Service remembers 2015 murder victims in Kansas City
2015 murder victims in Kansas City were remembered during a service Saturday night, Dec. 19, at Leawood Baptist Church, Leawood, Kan.
The service is called “The Longest Night.” It is designed to help bring comfort to the victims’ families and to pray for peace in the city.
2015 marked the fifth Longest Night service. It originally was held at Wornall Road Baptist Church in Kansas City, Mo., but was moved to Leawood Baptist Church for the 2015 service. White crosses bearing murder victims’ names were placed on the church lawn.
The Longest Night service grew out of the murder of Rickey King on Nov. 20, 2011.
“He was an honor student at Southwest High School. He lettered in varsity baseball, and he excelled at ROTC, one of his true loves. He was a leader and a gentleman,” Mark Clifton wrote in a Facebook post.
At the time Clifton was pastor of Wornall Road Baptist Church, which is located two blocks north of Southwest High School. The church serves the school in many ways including serving pre-game meals to the athletic teams.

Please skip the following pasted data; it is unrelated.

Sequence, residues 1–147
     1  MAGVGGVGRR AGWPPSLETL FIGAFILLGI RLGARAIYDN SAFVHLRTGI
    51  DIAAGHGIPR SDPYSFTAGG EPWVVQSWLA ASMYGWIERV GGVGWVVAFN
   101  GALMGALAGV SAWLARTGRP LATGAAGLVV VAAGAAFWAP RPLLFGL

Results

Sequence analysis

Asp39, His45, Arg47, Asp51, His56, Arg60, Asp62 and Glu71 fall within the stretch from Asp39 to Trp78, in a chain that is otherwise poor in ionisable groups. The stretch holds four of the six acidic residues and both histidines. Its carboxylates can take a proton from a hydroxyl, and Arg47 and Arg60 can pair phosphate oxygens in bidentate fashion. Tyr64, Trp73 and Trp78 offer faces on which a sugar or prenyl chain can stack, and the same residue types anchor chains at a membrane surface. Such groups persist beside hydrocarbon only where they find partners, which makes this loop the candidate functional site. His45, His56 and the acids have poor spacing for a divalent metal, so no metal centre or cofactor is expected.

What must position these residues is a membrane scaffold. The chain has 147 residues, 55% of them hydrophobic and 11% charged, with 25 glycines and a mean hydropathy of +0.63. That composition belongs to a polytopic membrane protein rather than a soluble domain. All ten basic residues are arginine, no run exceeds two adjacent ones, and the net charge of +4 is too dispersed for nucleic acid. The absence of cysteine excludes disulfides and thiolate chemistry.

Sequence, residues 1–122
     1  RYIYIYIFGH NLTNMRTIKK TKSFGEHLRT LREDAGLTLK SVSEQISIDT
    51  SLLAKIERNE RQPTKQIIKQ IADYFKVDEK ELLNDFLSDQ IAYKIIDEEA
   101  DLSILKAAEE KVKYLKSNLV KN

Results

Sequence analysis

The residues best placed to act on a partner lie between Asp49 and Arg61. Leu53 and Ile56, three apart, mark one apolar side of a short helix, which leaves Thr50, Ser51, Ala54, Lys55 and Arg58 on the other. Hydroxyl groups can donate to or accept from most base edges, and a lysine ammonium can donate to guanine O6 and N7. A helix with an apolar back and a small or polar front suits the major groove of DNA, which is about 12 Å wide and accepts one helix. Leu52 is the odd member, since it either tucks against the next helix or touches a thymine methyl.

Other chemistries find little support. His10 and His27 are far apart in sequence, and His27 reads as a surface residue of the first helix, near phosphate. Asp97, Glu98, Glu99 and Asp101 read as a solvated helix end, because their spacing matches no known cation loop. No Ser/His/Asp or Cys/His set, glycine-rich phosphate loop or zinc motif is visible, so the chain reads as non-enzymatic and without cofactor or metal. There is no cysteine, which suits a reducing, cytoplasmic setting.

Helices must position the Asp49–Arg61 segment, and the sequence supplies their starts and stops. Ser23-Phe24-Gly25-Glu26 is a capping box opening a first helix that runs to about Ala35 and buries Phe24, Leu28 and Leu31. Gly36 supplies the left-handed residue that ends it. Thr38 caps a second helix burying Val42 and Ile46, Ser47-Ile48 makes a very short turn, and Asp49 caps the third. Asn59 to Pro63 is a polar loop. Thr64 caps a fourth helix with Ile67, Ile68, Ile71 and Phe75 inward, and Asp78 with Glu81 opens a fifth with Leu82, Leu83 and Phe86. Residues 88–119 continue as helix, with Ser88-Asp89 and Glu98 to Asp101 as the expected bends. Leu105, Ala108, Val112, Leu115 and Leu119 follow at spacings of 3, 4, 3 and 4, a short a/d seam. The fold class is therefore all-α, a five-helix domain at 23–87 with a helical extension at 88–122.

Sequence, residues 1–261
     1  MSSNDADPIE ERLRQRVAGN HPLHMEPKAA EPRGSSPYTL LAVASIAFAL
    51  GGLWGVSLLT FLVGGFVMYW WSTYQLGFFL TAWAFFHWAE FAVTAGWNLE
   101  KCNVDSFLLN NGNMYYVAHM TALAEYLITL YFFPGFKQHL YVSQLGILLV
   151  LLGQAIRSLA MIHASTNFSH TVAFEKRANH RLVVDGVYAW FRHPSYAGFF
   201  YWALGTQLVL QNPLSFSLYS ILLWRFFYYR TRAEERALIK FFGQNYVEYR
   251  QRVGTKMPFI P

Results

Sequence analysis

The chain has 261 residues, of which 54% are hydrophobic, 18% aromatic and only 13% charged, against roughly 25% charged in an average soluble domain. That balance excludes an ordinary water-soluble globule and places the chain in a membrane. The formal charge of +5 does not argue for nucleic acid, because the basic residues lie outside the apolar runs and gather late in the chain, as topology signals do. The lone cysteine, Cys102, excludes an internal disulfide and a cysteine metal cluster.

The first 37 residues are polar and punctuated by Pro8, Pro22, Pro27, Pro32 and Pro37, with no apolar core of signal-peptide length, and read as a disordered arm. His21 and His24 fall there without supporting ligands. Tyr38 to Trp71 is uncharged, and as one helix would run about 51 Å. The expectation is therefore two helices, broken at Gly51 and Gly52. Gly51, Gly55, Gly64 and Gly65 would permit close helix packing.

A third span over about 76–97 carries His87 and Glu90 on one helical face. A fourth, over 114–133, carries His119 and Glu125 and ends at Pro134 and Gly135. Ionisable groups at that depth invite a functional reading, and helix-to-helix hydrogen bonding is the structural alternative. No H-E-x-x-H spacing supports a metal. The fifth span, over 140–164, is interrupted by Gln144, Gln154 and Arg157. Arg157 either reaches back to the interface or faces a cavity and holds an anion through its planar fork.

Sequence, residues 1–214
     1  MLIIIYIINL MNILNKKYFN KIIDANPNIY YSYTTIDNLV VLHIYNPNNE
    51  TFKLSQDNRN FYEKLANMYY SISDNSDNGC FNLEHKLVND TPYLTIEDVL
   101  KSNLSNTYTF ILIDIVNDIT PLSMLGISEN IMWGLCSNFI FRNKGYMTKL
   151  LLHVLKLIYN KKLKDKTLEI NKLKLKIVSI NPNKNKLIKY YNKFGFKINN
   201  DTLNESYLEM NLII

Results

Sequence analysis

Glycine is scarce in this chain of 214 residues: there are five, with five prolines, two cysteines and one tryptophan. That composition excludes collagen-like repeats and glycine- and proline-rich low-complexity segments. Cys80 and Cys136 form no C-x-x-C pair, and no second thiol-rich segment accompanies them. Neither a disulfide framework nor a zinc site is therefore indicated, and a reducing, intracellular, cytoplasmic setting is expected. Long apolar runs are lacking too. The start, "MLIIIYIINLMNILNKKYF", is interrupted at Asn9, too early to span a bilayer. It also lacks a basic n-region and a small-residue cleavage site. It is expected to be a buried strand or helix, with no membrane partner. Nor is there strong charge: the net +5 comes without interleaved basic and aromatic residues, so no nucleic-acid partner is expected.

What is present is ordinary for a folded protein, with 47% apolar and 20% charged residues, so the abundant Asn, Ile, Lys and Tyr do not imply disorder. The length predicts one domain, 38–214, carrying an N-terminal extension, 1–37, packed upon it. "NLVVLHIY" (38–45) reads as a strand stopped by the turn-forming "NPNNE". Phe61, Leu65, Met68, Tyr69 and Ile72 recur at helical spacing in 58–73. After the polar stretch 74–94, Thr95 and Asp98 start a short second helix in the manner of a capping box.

Clifton now serves as senior director of church replanting at the North American Mission Board. He and his wife, Jill, continue to make their home in the Kansas City area.
“The day Rickey King was shot and killed in a drive-by shooting he picked up a Thanksgiving turkey to deliver to his grandmother,” Clifton continued.
“I knew Rickey. He was a senior at Southwest High School—he had eaten pregame meals at our church.
“His death opened my eyes to the scourge of murder in our city. We placed a cross on our church lawn for Rickey a few days after his murder. But then realizing he was only one of more than 100 that year, we placed a cross on our church lawn for every murder victim in our city. Then we placed the name of that murder victim on that cross.
“And then on the longest night of the year we personally invited all the families of murder victims to come together so that we could embrace them in their sorrow and let them know they were not alone at Christmas—their first Christmas without their loved one.
2015 marked the fifth Longest Night service. “Since we began the services well over 500 citizens of our city have been murdered. Think of the collateral heartache, all those families affected by the violent death of a loved one,” Clifton continued.
“Christians must run toward the pain in our world just as Christ ran toward us in our time of helplessness and need. Christians, sometimes we need to peel ourselves away from parties, festivals and pageants and hang out with people who are deeply hurting at Christmas.”
The date and location of the 2016 Longest Night service will be announced in November.